Posted by SAM on 1 April, 2009 at 5:16 am. 6 comments already!

After years of demanding timelines for success, for withdrawal, retreat, redeployment, etc., President Obama’s constantly shifting goalposts might be pushed back again.

First he said he’d order the immediate withdrawal of US forces. Then he said he’d order the immediate withdrawal of combat forces (as if there’s US troops in Iraq on vacation and NOT involved in combat?). Then Obama campaigned on the completely arbitrary and unsubstantiated claim that he’d order all forces out in 16 months. Then it was just the combat forces (again, as if there’s US troops in Iraq just screwing around and not at all near combat). Once elected, President Obama took another 4 months to figure out/fess up that his 16 month campaign promise was just rhetoric that his political advisors created rather than an informed opinion supported by military advisors. As such, he just caved and said he’d continue the Bush Administration withdrawal timeline.

During the Bush years, we’ve been told that the President was moving goalposts. First the Bush Admin told us they’d be able to withdraw forces after the invasion, but an insurgency was bubbling, so many stayed. Then they told us that once there was an Iraqi governing council, troops would be removed, but the governing council didn’t quell the bubbling insurgency. Then we were told once there were elections, the troops would start coming home (20,000 did), but insurgency simmered more, and so many troops remained. Then there were the conditions-based requirements that had to be met before all troops could be brought home, and by that time an insurgency was well underway so security was needed, and more troops were sent.

The point here is that the American people have been told time and time again that troops would come home from Iraq for one reason after another at one time or another. Bush was mocked and ridiculed for “moving the goalposts.” President Obama has not despite his even more flagrant and deliberate misleading of withdrawal dates.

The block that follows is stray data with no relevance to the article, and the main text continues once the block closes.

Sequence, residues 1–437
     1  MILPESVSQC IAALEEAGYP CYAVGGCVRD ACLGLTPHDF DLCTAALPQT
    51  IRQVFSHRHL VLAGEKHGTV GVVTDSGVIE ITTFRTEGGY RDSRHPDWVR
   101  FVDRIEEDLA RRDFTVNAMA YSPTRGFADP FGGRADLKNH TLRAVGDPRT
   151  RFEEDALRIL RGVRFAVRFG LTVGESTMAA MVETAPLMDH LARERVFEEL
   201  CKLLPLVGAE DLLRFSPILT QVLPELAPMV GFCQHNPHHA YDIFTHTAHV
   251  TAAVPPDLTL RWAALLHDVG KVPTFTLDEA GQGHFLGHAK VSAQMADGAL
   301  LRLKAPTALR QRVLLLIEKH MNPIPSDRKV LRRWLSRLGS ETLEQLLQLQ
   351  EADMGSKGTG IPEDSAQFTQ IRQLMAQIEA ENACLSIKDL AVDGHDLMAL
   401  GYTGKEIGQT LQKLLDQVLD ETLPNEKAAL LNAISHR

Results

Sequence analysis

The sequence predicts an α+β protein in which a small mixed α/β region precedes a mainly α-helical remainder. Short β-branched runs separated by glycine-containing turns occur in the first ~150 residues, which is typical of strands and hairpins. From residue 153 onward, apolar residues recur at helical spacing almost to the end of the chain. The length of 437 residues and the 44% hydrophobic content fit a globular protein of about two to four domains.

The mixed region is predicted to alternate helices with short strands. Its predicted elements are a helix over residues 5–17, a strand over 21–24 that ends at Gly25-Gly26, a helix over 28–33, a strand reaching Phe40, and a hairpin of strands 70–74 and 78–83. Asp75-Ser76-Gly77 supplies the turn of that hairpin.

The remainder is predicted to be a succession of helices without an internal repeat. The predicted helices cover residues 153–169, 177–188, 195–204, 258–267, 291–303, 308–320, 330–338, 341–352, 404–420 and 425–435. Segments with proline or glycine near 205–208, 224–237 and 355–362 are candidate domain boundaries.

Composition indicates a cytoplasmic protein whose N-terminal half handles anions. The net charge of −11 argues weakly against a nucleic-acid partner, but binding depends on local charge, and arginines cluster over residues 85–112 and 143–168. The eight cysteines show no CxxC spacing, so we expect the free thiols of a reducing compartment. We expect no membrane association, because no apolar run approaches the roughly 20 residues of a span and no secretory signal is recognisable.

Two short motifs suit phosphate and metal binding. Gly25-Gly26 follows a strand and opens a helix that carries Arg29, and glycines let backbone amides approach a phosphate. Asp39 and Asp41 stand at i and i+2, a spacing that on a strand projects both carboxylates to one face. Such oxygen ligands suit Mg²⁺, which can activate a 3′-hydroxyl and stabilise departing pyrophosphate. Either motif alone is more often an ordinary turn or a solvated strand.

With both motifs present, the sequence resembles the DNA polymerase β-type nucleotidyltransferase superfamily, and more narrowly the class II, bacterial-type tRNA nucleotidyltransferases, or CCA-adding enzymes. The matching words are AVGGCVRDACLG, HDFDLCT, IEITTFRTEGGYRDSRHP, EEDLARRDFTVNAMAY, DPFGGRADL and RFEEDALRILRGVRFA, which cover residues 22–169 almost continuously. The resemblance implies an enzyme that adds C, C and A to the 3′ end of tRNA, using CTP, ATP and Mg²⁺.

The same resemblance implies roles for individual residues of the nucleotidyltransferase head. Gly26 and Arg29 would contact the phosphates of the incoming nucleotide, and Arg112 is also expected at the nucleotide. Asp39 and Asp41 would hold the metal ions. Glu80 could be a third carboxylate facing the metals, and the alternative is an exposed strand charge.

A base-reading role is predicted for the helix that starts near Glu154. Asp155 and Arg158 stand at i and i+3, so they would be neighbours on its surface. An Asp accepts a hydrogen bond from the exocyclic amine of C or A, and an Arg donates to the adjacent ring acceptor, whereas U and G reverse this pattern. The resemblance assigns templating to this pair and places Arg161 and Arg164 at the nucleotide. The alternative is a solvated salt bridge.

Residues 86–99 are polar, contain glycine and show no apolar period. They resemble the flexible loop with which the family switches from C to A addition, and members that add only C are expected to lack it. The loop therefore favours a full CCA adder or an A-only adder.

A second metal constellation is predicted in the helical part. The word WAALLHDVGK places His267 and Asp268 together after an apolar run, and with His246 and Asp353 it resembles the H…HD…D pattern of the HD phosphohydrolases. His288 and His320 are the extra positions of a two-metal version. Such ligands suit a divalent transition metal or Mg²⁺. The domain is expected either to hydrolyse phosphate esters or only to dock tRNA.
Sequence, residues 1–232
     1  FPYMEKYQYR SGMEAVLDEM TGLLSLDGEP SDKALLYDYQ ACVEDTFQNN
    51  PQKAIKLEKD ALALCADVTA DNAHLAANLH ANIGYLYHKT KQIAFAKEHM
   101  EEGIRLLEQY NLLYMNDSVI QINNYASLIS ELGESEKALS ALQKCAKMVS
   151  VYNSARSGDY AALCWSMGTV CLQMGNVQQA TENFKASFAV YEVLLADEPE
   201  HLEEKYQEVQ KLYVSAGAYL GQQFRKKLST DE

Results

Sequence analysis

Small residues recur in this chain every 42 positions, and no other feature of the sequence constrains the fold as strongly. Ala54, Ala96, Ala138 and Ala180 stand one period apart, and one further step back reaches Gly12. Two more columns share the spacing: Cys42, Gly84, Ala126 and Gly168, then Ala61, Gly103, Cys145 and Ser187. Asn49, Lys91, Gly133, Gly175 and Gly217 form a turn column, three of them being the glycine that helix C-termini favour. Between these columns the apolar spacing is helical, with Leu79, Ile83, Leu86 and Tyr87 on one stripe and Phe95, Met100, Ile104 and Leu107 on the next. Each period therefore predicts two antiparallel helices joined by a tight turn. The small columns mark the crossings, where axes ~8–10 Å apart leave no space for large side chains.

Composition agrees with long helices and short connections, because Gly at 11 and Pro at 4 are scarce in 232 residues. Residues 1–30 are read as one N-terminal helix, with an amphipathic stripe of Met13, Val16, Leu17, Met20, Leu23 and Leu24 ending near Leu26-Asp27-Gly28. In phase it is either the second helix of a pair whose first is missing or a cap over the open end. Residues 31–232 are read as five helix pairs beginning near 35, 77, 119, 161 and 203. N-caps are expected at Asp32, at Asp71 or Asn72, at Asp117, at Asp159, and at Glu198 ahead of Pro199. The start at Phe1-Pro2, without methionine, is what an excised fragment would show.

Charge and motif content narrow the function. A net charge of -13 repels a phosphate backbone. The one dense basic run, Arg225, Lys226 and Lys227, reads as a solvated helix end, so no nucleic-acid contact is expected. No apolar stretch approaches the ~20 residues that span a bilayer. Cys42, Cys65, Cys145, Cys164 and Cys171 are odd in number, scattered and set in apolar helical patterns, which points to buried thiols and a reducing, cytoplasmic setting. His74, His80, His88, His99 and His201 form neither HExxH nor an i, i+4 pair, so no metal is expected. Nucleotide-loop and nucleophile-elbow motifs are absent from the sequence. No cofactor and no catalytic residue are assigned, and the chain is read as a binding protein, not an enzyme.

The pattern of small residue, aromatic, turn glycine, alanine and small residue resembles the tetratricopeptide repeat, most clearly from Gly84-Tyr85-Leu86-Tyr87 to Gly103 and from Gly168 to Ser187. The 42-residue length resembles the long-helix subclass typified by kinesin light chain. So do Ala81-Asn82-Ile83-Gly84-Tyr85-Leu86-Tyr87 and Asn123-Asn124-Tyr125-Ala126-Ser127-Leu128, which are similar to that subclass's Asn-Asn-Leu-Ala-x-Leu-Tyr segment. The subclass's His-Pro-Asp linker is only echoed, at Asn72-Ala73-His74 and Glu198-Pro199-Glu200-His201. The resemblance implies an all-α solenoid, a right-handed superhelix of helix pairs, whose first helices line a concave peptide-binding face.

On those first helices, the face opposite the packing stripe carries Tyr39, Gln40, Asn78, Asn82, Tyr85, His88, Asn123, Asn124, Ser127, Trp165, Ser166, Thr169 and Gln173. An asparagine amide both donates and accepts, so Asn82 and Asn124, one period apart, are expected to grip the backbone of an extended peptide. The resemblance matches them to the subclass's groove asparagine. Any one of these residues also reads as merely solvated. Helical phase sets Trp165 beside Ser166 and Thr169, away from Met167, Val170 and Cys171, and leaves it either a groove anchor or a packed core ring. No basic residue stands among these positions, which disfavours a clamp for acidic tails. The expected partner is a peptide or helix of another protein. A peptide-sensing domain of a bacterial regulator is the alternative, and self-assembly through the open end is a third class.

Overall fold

Now that the withdrawal has been underway for over a year (President Bush started it, and Obama is only continuing the Bush plan), it turns out that not only has boisterous opposition to the occupation completely disappeared, but so too has the memory of WHY President Bush kept US forces in Iraq after the invasion. Yes, there was a UN mandate to do so, but anti-Bush/anti-war people always ignored that. No, the reason was because removing US troops by a certain date would give an advantage to insurgents. It would tell them to simply hide, rearm, re-equip, and prepare to attack unopposed on a certain date.

Suddenly, the New York Times (which has advocated the unconditional and immediate withdrawal of all US forces in Iraq for YEARS now), sees that giving a timeline could be a tactical error. Color me shocked.

There is much debate as to whether any new insurgency, at a time of relative calm in most of Iraq, could ever produce the same levels of violence as existed at the height of the fighting here. A recent series of attacks, however, like bubbles that indicate fish beneath still water, suggest the potential danger, all the more perilous now because the American troops who helped to pacify Iraq are leaving.

Wow, what a radical new thought! Too bad the NYT and retreat advocates didn’t think of that earlier. It’s not like people weren’t pointing it out to them. It’s just that they didn’t believe it when it came during President Bush’s term, and now that Obama’s President…well, it must be true.

It’s not like Barack has ever moved the goalposts for withdrawal (err, um), and it’s not like he would ever break a campaign promise and keep US forces in Iraq longer if an insurgency breaks out. No, he’d rather leave, let an insurgency break out, and then re-invade, right? Or maybe, President Obama will choose to keep US forces there indefinitely. Why not? No one cares about Iraq as long as a Democrat is in charge of the war. Hell, they can even use Bush’s own plan for Iraq, and it’s still ok.

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